Nora Kathryn Conroy v. Nacogdoches Independent School District--Appeal from 217th District Court of Angelina County
Court of Appeals
Ninth District of Texas at Beaumont
NO. 09-05-362 CV
NORA KATHRYN CONROY, Appellant
NACOGDOCHES INDEPENDENT SCHOOL DISTRICT, Appellee
On Appeal from the 217th District Court
Angelina County, Texas
Trial Cause No. CV-36,887-03-10
Appellant Nora Kathryn Conroy, a diagnostician employed in appellee Nacogdoches Independent School District's special education department, filed suit against the school district under the Whistleblower Act. See Tex. Gov't Code Ann. 554.001-554.010 (Vernon 2004). Conroy appeals the trial court's final order granting NISD's no-evidence motion for summary judgment. NISD cross-appeals the trial court's order denying NISD'S motion to transfer venue. We affirm the trial court's judgment as modified.
At the time Conroy filed her petition, she had been employed as a special education diagnostician by NISD for three years. In November 2002, Conroy and sixteen other special education staff members at NISD filed and signed a complaint with the TEA reporting violations of state and federal law in the NISD special education program. The TEA conducted an initial investigation of the special education program. In January 2003, the TEA sent NISD Superintendent Dr. Tony Riehl a letter advising him of the allegations contained in the complaint and directing the district to take corrective action. In March 2003, in a letter to the United States Department of Education's Office of Civil Rights, Conroy again complained of violations of state and federal regulations in the special education program. Twelve of the original sixteen signatories to the TEA complaint also signed this letter.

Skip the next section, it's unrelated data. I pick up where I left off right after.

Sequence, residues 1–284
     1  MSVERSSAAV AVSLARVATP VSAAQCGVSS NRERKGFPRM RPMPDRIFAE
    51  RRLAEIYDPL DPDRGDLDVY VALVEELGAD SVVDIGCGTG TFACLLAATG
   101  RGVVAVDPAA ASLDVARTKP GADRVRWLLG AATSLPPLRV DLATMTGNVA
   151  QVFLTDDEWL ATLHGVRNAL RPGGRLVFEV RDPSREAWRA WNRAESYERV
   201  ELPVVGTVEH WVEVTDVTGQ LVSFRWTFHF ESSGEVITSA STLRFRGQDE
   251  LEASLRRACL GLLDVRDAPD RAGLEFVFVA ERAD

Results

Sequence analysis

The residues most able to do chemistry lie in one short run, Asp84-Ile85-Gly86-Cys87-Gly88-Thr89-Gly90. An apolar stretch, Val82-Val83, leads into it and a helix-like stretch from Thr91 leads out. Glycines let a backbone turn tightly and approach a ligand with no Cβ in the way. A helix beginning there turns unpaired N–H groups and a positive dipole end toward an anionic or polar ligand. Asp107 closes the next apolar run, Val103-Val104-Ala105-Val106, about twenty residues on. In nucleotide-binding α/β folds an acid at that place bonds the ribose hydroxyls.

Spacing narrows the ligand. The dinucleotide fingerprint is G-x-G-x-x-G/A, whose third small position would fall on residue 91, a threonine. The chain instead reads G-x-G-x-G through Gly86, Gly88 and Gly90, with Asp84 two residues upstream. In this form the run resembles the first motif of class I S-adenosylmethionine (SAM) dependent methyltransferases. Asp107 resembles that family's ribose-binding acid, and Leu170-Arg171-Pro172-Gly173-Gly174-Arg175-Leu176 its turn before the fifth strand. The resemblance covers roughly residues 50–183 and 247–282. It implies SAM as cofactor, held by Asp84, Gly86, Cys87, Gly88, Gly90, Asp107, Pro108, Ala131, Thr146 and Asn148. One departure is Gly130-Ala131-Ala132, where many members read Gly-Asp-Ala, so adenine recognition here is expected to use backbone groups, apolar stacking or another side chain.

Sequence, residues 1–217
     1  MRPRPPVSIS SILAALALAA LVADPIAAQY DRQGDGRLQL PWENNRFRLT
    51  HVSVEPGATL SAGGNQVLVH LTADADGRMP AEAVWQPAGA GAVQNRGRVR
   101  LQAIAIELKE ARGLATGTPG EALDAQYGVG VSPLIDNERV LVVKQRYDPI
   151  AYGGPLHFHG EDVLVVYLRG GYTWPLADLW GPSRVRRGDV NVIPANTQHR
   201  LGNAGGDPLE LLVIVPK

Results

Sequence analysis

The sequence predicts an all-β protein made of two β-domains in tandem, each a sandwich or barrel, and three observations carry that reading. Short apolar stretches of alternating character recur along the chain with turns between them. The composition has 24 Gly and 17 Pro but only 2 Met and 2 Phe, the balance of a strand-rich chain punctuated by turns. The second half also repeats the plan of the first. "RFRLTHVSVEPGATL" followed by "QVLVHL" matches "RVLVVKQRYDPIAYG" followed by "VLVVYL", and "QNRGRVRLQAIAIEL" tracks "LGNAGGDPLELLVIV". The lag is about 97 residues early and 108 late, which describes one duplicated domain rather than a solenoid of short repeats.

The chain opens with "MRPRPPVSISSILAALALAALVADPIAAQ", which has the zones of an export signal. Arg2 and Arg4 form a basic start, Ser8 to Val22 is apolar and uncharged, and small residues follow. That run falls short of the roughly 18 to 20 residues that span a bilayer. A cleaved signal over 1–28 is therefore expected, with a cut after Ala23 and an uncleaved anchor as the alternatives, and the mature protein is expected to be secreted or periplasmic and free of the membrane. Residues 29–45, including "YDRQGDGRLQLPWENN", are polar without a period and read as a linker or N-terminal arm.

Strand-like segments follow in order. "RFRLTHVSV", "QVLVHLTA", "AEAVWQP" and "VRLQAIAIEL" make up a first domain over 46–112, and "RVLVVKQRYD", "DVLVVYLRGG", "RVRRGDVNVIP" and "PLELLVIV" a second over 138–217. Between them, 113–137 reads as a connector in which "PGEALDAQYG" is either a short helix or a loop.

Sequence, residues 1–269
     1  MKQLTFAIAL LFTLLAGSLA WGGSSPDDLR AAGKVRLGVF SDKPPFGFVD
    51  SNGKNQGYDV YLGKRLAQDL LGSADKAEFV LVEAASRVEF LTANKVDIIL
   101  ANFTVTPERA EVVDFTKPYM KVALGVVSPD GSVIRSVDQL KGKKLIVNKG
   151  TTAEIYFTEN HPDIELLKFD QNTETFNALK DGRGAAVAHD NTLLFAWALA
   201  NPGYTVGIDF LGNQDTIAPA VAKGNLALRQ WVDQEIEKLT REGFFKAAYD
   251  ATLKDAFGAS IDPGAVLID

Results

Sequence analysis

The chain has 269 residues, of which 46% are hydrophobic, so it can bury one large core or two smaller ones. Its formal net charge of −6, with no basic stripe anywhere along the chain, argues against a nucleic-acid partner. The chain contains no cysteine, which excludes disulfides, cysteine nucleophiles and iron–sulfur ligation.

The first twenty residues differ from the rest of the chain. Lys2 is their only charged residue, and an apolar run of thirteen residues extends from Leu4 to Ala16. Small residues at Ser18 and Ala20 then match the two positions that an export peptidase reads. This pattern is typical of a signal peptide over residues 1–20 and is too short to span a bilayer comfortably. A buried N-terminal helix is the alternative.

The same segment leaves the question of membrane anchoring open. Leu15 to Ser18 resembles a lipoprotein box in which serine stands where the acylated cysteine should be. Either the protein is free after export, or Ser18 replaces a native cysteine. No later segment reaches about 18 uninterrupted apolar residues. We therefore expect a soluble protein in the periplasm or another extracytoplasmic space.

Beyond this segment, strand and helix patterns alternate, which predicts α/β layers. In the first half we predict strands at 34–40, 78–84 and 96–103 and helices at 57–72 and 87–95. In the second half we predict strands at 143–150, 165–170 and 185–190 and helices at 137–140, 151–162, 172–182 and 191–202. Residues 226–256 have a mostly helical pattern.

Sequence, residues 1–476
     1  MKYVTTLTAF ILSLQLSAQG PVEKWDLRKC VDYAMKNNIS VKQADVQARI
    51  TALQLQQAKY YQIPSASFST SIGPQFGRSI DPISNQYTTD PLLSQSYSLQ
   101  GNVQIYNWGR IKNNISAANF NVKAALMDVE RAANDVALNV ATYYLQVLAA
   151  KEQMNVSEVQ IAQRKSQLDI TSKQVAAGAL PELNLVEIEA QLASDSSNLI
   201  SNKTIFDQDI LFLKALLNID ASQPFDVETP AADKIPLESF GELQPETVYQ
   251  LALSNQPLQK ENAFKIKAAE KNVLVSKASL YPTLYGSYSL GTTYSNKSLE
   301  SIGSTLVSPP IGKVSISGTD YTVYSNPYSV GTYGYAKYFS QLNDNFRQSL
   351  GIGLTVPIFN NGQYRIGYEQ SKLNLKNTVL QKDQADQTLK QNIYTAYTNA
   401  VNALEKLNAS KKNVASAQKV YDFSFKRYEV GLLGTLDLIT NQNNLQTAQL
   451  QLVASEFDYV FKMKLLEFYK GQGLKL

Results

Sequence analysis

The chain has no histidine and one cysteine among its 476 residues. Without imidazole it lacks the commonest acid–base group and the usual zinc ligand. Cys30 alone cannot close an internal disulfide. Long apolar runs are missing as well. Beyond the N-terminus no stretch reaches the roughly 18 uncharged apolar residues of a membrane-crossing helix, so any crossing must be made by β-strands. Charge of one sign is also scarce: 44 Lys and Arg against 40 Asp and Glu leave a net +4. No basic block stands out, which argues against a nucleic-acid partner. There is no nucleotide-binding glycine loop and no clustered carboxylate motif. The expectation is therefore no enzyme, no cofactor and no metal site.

In August 2003, NISD's Special Education Director Debbie Walker informed Conroy she would be transferred from the elementary school to the high school for the 2003-2004 school year. Conroy had previously told Walker that Conroy did not want to go to the high school and Conroy's specialization was in working with very young children. In October 2003, while working at the high school, Conroy received a directive from High School Principal Elizabeth Ballenger instructing her to follow the admission, review, and dismissal procedures. Conroy brought suit against NISD under the Texas Whistleblower Act alleging her transfer to the high school and the October 2003 directive were retaliation for her reports to the TEA and U.S. Department of Education.
NISD filed a motion for summary judgment asserting Conroy had no evidence to support the "adverse employment action" or "causation" components of her retaliation claim. The trial court granted the motion and Conroy appealed. The parties subsequently learned that the trial court had signed two conflicting orders on the same day, both granting NISD's motion. One of the orders awarded NISD attorneys' fees under the Texas Education Code in an amount to be determined at a later date. The other order did not include the attorneys' fees award. NISD filed a motion to abate or dismiss the appeal arguing the signed order granting an undetermined amount of attorneys' fees was interlocutory. Because this Court would not have jurisdiction over the interlocutory judgment, this Court abated the appeal for the trial court to determine which of the orders it intended to enter. On remand from this Court for a clarifying order, the trial court entered a final summary judgment in favor of NISD and further, entered evidentiary rulings which NISD had not obtained prior to either of the court's original summary judgment orders. Conroy appeals the trial court's final order entered after remand. NISD cross-appeals the trial court's order denying its motion to transfer venue.Standard of Review
A summary judgment motion pursuant to Tex. R. Civ. P. 166a(I) is essentially a motion for a pretrial directed verdict. See Merrell Dow Pharms., Inc. v. Havner, 953 S.W.2d 706, 711 (Tex. 1997). Once such a motion is filed, the burden shifts to the nonmoving party to present evidence raising an issue of material fact as to the elements specified in the motion. Id.; W. Invs., Inc. v. Urena, 162 S.W.3d 547, 550 (Tex. 2005). We review the evidence presented by the motion and response in the light most favorable to the party against whom the summary judgment was rendered, crediting evidence favorable to that party if reasonable jurors could, and disregarding contrary evidence unless reasonable jurors could not. See City of Keller v. Wilson, 168 S.W.3d 802, 827 (Tex. 2005); Johnson v. Brewer & Pritchard, P.C., 73 S.W.3d 193, 208 (Tex. 2002).Conroy's Issues on Appeal